I really don’t understand the corporate media. It’s like oh, the Democrats believe A but the Republicans believe B. Let’s talk about B and have Republicans on all the time to tell us what they think about B. I remember reading somewhere that an anchor on some network said they already know the Democratic position, so they just wanted to hear what the Republicans think.

    Chris Matthews has Tom Delay on his show all the time, like he is some kind of go-to guy on this kind of crap. Now he talks to Ari Fleischer, who has been going all around trying to revise Bush history. Karl Rove is doing this crap too.

  23. 23
    cmorenc says:

    I sorely wish Ralph Nader would have forgone any deluded narcissistic runs at the Presidency, especially since his belief that there was no meaningful difference between Al Gore or George Bush has proven so disasterously wrong. Because unfortunately, his vanity runs have severely damaged his otherwise extremely valuable contributions as spot-on sagacious critic and activist against the mendacious corruption, stupidity, greed, and callous indifference to the public interest, health, and safety committed by corporate America and its government. Instead of being honorably regarded as a near-sainted selfless crusader (as his legacy might otherwise deserve), he’s amply earned heaps of virulent disrespect and scorn for his damaging, delusionary self-indulgent vanity campaigns for President, where he’s never expressed even a microscopic bit of accurate insight, acknowledgement that he was wrong, or sense of regret.

    We are all unfortunate that the pre-2000 constructively influential version of Ralph didn’t survive past 2000.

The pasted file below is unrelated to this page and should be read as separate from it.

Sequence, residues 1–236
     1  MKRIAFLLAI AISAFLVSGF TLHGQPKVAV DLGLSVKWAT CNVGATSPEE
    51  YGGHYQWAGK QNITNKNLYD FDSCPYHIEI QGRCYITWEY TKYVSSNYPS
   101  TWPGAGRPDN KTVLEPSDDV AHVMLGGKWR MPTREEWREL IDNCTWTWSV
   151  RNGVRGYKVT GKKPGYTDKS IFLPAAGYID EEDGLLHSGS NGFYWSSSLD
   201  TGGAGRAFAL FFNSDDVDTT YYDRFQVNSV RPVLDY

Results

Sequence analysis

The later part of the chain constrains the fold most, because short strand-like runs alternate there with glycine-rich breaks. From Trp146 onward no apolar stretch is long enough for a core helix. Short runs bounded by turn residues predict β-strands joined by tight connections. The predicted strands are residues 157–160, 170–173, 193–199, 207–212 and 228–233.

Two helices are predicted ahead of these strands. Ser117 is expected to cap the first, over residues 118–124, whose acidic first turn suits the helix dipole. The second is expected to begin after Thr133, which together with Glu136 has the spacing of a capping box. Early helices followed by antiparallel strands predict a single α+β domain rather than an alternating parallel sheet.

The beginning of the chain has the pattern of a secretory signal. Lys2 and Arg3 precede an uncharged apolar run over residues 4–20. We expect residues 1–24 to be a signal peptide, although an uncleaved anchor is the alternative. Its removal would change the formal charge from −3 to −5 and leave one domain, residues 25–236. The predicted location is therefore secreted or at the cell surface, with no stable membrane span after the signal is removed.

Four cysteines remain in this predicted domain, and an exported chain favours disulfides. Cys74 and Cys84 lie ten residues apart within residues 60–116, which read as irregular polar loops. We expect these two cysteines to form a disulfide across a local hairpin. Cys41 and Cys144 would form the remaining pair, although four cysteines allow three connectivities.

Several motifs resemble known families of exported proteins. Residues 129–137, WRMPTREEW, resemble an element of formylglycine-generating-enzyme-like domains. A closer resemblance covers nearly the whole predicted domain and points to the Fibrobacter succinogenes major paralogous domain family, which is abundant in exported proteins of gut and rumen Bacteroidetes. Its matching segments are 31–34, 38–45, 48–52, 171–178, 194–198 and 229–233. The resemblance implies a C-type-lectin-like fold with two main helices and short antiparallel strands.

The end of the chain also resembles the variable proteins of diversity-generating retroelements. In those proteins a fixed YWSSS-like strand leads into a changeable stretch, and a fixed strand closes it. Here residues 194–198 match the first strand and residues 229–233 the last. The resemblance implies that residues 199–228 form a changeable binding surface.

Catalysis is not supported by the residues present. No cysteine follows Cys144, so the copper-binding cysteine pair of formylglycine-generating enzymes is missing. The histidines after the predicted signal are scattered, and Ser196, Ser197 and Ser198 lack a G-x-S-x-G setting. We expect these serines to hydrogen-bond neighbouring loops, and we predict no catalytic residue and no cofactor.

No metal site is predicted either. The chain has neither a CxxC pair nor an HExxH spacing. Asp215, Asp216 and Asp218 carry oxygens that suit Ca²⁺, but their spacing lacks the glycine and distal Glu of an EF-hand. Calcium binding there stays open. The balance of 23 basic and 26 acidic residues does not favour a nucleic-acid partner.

24. 24
    TenguPhule says:

    John there are two ways of getting rid of idiots, you either fire them or promote them, cause there is no fucking alternative.

    Wrong.

    There is a third option.

    In Vietnam, I believe it was known in polite circles as "fragging"

  25. 25
    Brian J says:

    I hope this question isn’t too stupid, but how exactly is the cost to the FDIC determined? I was under the impression that the deposits you and I make didn’t really impose a cost in the sense that there was never really much of a need for the body to cover them over a certain amount, especially if, in the case of Washington Mutual and JP Morgan Chase, it was essentially a sale of allowing one service to be provided by another body. In other words, I always thought that it wasn’t as if Bank A had XXX in deposits by the public, and the cost was about XXX to the FDIC. Is that correct, or is there a whole other level of issues that needs to be dealt with when a bank is taken over?

  26. 26
    big woo says:

    Gah. I’m still pissed about the Corvair. Ralph Nader set his sights on an early American attempt to develop a decent handling small car and helped strangle it in the crib.